We have shown that Cpr11A enables anisotropic cuticle extension through direct regulation of the cuticle mechanical property. Meanwhile, the epidermis continues to adhere to the cuticle within each instar, which necessitates anisotropic extension of the epidermis that matches the cuticle extension. Tissue extension events have been accounted for by coordinated cell behaviors such as cell rearrangement and oriented cell division. On the other hand, the Drosophila larval epidermal cells are known to undergo size increase by endoreplication throughout the larval period35. To examine cell dynamics in the epidermis during larval growth, we examined how the epidermal cell outlines (labeled with Neuroglian (Nrg):GFP36) changed during growth, either across a molt or within a single instar, in live larvae of the wild-type, Cpr11ADf or Tb1. In all three genotypes, the initial cell outlines were closely matched to those after growth by simply enlarging the initial images by different percentages along the body length and width (Fig. 7, Supplementary Fig. 4). This result indicates that active cell behaviors such as rearrangement and oriented division occur rarely, if at all, in the epidermis during larval growth. Anisotropic extension of the epidermis could be either mechanically induced through adherence to the anisotropically extending cuticle, or oriented cell growth, or both. Within each genotype, the length-to-width ratios of epidermis extension within the third instar were not significantly different from those from the second instar to the third (Supplementary Fig. 4m, n). The continuous extension of the epidermis is in line with the linear increase in cuticle lengths and widths, both between and across molts, within each genotype (Fig. 2d). The epidermal cells in the Tb1 mutant appeared highly anisometric (elongated along the body circumference; Fig. 7g, h, Supplementary Fig. 4i-l). It is consistent with the constantly circumference-biased extension of the epidermis in this mutant (Supplementary Fig. 4m).

Fig. 7: Epidermal cell outlines during larval growth.
figure7

Cell-cell boundaries in the epidermis, marked by Nrg:GFP, on the dorsal side of the abdominal segment 1 (a1) of the control (a, b), Cpr11ADf (d, e) and Tb1/+ (g, h) larvae at the second instar (a, d, g) and two days later at the third instar (b, e, h). In c, f and i, the third instar images shown in magenta are overlaid on the second instar images enlarged along the body length (L) and width (W) by the indicated percentages and shown in green. Magnifications of the boxed regions are shown on the right. Bars, 50 μm.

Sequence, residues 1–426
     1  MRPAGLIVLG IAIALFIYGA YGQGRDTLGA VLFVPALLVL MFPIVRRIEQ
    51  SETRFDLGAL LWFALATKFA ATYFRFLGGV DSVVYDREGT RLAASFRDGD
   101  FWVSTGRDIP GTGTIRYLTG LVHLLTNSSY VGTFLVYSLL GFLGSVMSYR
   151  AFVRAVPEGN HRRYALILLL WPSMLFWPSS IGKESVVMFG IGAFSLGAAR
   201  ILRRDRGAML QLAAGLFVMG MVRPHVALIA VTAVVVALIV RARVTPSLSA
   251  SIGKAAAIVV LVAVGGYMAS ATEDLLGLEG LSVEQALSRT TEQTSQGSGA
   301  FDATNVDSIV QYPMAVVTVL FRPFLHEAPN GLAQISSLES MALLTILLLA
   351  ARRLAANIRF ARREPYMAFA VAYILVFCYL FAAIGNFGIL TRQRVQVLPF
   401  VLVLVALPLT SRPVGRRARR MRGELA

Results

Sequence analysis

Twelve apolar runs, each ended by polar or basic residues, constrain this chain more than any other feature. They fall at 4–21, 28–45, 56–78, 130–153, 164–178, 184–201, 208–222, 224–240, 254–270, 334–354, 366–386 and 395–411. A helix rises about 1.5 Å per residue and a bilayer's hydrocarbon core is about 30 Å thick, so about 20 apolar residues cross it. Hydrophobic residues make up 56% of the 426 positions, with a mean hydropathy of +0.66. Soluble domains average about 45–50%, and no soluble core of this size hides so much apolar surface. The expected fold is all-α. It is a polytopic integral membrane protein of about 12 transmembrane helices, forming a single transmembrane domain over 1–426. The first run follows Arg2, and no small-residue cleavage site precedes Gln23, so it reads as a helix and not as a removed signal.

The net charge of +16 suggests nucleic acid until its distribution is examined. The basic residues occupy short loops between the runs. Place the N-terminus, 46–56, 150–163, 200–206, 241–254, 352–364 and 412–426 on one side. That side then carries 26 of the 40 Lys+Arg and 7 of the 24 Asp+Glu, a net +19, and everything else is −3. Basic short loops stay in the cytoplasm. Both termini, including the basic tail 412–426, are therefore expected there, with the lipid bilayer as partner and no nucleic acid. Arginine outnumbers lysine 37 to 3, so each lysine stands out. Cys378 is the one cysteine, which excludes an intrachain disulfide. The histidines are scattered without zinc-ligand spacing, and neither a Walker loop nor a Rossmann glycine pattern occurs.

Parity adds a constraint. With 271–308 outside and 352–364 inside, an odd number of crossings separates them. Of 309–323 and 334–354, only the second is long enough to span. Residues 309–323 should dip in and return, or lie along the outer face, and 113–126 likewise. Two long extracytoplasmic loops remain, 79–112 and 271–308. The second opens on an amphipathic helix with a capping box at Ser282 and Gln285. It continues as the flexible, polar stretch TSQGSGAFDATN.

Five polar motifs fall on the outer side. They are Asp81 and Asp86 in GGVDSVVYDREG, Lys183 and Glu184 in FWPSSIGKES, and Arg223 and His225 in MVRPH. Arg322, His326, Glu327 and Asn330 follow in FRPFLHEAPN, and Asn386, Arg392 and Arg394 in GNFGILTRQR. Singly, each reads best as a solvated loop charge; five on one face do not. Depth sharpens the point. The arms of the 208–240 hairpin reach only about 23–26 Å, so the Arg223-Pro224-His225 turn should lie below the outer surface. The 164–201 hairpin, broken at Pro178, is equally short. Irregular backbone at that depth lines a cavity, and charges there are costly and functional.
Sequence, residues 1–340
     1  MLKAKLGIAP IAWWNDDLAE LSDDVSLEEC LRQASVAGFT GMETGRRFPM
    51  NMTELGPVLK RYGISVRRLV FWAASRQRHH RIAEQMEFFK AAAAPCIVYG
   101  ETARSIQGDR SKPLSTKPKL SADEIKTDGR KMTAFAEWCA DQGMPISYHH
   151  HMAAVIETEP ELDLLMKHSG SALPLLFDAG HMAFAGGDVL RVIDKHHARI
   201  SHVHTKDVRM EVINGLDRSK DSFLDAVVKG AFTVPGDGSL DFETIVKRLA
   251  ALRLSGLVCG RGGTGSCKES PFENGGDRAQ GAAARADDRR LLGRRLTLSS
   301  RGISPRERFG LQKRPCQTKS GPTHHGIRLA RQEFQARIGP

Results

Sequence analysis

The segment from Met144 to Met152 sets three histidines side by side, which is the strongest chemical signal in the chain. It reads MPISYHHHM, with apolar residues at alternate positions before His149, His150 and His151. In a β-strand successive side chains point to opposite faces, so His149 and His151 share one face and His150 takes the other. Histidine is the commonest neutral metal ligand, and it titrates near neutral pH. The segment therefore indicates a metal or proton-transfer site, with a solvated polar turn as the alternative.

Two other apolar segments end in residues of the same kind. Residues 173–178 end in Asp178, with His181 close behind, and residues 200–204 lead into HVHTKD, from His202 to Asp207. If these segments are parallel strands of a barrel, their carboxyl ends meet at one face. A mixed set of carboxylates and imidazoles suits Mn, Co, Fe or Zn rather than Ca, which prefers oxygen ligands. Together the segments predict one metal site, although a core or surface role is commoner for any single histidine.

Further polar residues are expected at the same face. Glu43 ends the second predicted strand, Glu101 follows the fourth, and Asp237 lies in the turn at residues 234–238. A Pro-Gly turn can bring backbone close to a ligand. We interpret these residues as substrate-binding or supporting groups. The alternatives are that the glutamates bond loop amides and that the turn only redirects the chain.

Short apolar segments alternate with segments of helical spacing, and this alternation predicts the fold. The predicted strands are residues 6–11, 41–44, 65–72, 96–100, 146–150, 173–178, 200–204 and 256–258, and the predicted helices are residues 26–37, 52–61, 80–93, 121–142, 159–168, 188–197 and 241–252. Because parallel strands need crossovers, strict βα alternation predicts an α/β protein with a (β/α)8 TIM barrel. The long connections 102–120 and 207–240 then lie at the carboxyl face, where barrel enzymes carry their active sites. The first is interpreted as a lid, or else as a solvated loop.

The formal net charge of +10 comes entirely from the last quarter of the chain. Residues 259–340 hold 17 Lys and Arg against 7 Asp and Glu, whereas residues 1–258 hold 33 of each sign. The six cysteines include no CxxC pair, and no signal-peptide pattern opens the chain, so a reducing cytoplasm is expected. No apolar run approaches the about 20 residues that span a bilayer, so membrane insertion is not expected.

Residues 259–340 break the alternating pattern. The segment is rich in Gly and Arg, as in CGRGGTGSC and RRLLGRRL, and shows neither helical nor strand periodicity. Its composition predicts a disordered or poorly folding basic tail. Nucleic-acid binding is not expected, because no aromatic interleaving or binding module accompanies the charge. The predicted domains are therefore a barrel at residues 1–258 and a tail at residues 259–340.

Effects of Cpr11A Df and Tb 1 mutations on adult shapes

The Tb1 mutation has been anecdotally reported to cause “tubby” body shape even in the adult37. To examine how Cpr11ADf and Tb1 mutations affect the adult body shape, we measured the axial ratios in the abdomens and the thoraces (nota) of adult males. The Tb1 mutant indeed showed lower axial ratios (meaning shorter and/or wider shape) in both the abdomen and the notum relative to the control (Supplementary Fig. 5a, c, d, f, g, h). In the Cpr11ADf mutant, the axial ratios of the abdomen were significantly lower than those of the control, although the axial ratios of the notum did not show significant difference (Supplementary Fig. 5a, b, d, e, g, h). As neither Cpr11A nor Tb is expressed at a substantial level during the pupal stage, in which the adult cuticles are formed (Fig. 4a and Supplementary Fig. 5i), they are unlikely to function directly within the adult cuticles. We speculate that the tubby puparia of the mutants mechanically confine the shapes of the adult bodies that form inside them.

Discussion

We have shown that circumferential stiffness (“corset” property) of the Drosophila larval cuticle directs anisotropic cuticle expansion during body size increase by restricting circumferential cuticle stretching, which results in progressively more elongated shape of the whole body (Fig. 8a). Axis elongation has been commonly explained by cell behaviors such as oriented cell division, cell shape changes, cell intercalation and cell migration. Our finding demonstrates that the cuticle can play an instructive mechanical role in body elongation. The corset property depends on the function of protein constituents of the cuticle, Cpr11A and Tb, which show overlapping localization in a sub-surface region of the cuticle (Fig. 8a). Postembryonic survival in harsh environments necessitates animals to support and protect their bodies with materials with greater strength than cells. Coating the body with a stretchable cuticle and equipping it with components that confer circumferential stiffness appears to be a potent strategy for conciliating active morphogenesis with the protective function of the cuticle. In the nematode Caenorhabditis elegans, a number of mutations in cuticle collagen genes are known to result in the “dumpy” phenotype (short and fat body shape)38. Regulation of cuticle physical properties by cuticle constituents may be a general mechanism for body shaping in diverse organisms bearing exoskeleton.